“The Ruins,” like the rest of the Mythic Indy stories, is set in a supernatural Indianapolis. Urban fantasy, folklore, science fiction, and slipstream all bump shoulders here. My story centers on the famous statues in Holliday Park, and what they might really be. Continue reading
Sorry for the quiet around here.
Laura and new Guide Dogs for the Blind puppy
It started when I was blindsided earlier this month, and I kind of lost the Muse for a while. Then I went to speak at ClickerExpo, which is really fantastically awesome but kind of required all my energy. And then, I brought someone home from ClickerExpo with me.
So I’m recovering and I have good writing and editing ideas again, but I’m dividing attention and priorities, because this is some really important work and it’s not just for one team but a whole project. And she’s distracting, especially during this critical development period which I really need to take behavioral advantage of.
If you want to follow her adventures and career, you can join us over at my behavior blog. But never fear, I am working again over here. Even got a draft of Con Job done and revisions in progress on a fantasy novella. More to come!
A much more civilized family dinner…. Saying grace before carving the turkey at Thanksgiving dinner in the home of Earle Landis in Neffsville, Pennsylvania (Photo credit: Wikipedia)
Just for fun today, here’s a snippet from a suspect interview, from Con Job.
“So you had nothing against her?”
“Well, this is probably stupid to say while her murder’s being investigated, but I can’t honestly say that. She wasn’t a nice person. I’d rather stick a fork in my ear than spend another Thanksgiving with her. But it’s a lot easier for me to just skip Thanksgiving than to kill her.”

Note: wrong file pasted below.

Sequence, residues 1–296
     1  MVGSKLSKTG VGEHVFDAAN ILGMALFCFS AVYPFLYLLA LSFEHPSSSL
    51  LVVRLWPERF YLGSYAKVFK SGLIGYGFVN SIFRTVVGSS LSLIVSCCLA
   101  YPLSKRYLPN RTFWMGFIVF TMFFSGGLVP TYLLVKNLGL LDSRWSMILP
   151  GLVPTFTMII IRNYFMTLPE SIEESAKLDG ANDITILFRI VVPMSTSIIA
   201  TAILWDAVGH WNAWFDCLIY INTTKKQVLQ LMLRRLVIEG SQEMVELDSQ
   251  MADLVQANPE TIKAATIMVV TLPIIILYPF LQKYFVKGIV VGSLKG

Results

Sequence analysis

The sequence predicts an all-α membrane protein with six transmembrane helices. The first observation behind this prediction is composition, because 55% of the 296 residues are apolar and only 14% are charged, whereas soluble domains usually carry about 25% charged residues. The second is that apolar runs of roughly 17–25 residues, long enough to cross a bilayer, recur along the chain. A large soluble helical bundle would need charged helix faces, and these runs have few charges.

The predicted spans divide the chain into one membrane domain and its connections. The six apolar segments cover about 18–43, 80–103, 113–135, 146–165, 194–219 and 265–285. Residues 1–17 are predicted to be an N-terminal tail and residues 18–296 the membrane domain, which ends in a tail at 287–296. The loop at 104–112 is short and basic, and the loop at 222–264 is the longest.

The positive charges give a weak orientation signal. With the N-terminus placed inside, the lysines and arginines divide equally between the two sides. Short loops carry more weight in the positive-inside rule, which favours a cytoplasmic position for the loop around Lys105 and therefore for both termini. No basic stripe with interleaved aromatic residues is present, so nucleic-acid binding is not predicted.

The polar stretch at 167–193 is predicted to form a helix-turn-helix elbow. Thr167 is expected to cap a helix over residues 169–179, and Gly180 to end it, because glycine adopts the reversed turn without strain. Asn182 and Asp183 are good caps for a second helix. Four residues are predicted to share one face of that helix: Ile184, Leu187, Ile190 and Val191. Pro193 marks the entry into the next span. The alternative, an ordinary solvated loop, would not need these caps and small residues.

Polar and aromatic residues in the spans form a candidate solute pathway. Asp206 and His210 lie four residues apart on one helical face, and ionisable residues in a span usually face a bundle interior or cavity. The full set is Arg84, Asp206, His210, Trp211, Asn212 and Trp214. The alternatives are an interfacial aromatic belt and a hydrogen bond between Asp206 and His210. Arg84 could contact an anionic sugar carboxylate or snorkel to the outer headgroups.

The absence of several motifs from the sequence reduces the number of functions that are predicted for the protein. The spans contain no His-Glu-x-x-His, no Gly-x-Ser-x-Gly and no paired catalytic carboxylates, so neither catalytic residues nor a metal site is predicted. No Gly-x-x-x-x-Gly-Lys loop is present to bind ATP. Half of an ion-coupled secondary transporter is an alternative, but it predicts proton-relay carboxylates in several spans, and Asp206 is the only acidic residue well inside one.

Rob Paulsen (Photo credit: edwick)
So I’m wrapping up Con Job, a murder mystery which takes place at a fan convention which is populated by the usual assortment of fans and guests: cosplayers, actors, writers, trivia nerds, fanfic enthusiasts, photographers, collectors, executives (from a cocky corporation with the ridiculous name of MEGAN!ME) and more. It has a lot of editing yet to go, because drafts are to books as crops and live poultry are to Thanksgiving dinner, but it’s coming along.
In the scene below, three guys are talking show business, and a voice actor drops the name of one of my own favorites, Rob Paulsen. I tweeted, just in case he’d see it, because it really was meant as an honor. Continue reading
(Photo credit: dsearls)
So to review, I noticed late last year that I had a really great year running, with over 9,000 books in paid sales. I did some very simple projections and realized that I might just break 10,000 paid sales by the end of 2013. So I announced on Facebook that if the magic number were reached, I’d release a free unpublished short story for my readers.
As we drew nearer to the deadline, I formalized the promise and sweetened the pot with another short story.
So, did we make it? Continue reading